To interpret correctly Japan's present conduct in China, and to forecast her probable action in the future, it is essential to know what the Japanese have in mind when they speak of a Japanese Monroe Doctrine. What are the rights which Japan asks other Powers to recognize and respect? And the further query then arises whether after all the claim of a Monroe Doctrine for the Far East is really justified.

The idea of a Monroe Doctrine for Asia arose in Japan shortly after the Russo-Japanese War of 1904-05, and has been emphasized by the Japanese during the periods when they have been carrying on an aggressive foreign policy. During the World War, when Japan succeeded in driving Germany out of China and the north Pacific, it had a wide acceptance. Afterwards, especially following the Washington Conference, there was a period of a few years during which it gave way to a "friendship policy" toward China. Little was heard at that time of the Japanese Monroe Doctrine. But during the present acute Sino-Japanese controversy it has once more been brought forward and with added insistence.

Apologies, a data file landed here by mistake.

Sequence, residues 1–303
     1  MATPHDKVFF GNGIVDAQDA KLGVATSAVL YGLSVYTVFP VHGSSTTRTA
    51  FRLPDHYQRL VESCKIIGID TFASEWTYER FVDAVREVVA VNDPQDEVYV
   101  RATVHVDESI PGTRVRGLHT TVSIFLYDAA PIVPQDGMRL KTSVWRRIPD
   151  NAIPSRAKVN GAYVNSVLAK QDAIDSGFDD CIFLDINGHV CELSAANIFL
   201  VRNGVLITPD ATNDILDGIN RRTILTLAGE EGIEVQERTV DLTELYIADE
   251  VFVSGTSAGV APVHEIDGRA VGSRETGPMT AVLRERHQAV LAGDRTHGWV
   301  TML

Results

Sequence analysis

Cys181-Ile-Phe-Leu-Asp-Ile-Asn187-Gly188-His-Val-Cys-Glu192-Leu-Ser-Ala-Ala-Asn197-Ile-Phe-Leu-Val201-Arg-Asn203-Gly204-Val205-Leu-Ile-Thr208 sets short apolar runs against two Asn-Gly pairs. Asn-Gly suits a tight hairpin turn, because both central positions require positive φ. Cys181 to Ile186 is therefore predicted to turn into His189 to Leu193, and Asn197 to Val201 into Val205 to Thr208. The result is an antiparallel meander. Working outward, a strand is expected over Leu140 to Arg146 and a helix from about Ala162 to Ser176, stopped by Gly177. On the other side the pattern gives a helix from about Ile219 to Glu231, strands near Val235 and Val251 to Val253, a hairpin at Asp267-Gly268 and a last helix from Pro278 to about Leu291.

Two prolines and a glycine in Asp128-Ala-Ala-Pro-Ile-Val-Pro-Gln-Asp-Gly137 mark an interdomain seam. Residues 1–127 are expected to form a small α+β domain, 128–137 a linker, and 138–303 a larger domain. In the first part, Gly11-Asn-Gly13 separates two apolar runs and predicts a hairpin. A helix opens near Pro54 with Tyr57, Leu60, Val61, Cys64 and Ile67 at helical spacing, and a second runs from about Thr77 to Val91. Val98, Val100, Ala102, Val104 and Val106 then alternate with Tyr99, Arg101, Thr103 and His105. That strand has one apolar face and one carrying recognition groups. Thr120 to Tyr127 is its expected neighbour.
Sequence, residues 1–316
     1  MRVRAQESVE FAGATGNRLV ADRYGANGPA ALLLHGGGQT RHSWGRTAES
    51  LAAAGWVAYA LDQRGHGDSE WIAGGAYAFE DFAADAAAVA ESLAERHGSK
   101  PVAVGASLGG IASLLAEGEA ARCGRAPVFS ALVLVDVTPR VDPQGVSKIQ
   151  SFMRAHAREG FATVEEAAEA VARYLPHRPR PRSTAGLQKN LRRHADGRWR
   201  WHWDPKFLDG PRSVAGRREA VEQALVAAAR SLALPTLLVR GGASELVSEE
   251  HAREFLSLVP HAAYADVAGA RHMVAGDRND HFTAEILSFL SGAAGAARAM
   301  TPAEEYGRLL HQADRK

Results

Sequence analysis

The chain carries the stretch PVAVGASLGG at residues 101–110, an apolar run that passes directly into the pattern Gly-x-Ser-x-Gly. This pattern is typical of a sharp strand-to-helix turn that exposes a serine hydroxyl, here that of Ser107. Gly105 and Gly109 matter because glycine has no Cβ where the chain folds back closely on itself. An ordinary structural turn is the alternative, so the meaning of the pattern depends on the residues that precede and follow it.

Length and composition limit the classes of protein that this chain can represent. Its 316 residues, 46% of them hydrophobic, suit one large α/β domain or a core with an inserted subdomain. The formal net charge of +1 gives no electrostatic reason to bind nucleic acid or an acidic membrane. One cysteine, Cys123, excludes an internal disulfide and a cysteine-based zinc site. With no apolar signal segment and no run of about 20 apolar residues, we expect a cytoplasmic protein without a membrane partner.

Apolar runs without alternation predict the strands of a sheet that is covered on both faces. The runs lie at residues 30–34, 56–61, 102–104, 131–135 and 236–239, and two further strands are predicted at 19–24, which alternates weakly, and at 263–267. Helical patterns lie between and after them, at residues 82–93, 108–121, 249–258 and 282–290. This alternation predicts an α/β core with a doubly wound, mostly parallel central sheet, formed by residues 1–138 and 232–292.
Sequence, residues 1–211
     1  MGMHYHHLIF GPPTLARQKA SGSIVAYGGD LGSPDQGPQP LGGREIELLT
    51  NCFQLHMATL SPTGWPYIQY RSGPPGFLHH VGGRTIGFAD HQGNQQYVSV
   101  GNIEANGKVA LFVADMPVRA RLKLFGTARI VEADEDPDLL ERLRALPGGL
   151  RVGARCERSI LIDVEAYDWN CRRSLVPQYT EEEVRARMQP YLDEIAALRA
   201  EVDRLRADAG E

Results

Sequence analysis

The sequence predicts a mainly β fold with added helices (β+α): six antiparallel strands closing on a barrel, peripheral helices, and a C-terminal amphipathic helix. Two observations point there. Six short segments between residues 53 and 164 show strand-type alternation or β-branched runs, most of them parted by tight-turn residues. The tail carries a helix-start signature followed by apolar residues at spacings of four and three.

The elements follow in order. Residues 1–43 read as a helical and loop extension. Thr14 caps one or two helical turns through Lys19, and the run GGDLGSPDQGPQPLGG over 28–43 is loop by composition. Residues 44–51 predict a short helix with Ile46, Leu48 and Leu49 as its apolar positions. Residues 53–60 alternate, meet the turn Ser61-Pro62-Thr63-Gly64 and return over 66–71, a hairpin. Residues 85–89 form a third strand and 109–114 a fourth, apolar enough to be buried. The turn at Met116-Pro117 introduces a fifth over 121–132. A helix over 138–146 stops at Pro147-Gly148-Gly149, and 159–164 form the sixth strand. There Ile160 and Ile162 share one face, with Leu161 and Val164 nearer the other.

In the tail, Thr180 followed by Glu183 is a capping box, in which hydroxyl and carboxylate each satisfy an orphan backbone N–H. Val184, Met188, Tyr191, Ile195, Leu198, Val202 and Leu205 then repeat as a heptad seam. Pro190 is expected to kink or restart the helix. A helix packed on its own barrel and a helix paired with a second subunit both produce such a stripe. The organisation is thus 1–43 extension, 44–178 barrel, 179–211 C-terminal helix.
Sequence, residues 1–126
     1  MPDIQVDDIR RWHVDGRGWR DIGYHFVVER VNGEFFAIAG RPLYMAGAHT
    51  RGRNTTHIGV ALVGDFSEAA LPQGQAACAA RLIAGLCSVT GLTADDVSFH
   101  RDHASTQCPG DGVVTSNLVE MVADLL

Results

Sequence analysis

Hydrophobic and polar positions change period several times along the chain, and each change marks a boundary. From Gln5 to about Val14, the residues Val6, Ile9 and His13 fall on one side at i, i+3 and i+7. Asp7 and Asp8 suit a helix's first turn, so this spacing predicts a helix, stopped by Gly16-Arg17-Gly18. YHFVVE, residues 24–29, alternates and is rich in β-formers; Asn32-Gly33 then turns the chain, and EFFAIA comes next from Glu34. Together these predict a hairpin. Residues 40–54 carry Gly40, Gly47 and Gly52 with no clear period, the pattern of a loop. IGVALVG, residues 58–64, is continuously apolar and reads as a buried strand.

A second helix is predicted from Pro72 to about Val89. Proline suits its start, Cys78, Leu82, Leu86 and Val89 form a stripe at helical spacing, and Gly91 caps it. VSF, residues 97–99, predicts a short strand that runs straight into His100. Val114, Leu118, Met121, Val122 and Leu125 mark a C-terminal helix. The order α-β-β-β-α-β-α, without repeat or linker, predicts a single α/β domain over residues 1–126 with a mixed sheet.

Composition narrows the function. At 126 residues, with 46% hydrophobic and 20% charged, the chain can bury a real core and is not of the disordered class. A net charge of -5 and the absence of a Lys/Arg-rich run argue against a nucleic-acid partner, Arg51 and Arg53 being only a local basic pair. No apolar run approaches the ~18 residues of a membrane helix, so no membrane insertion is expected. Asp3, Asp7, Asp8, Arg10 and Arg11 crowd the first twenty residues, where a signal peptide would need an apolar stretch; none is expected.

According to a few writers the area within which the Japanese Monroe Doctrine is applicable includes the entire continent of Asia. A larger number would limit it to the countries of the Western Pacific. But for all practical purposes it represents the policy of Japan toward China in general and Manchuria in particular. The various principles which are included within this extremely elastic doctrine may be summarized under the headings self-defense or security; Pan Asia; special rights and interests; leadership and guardianship; and the right to live, or economic penetration.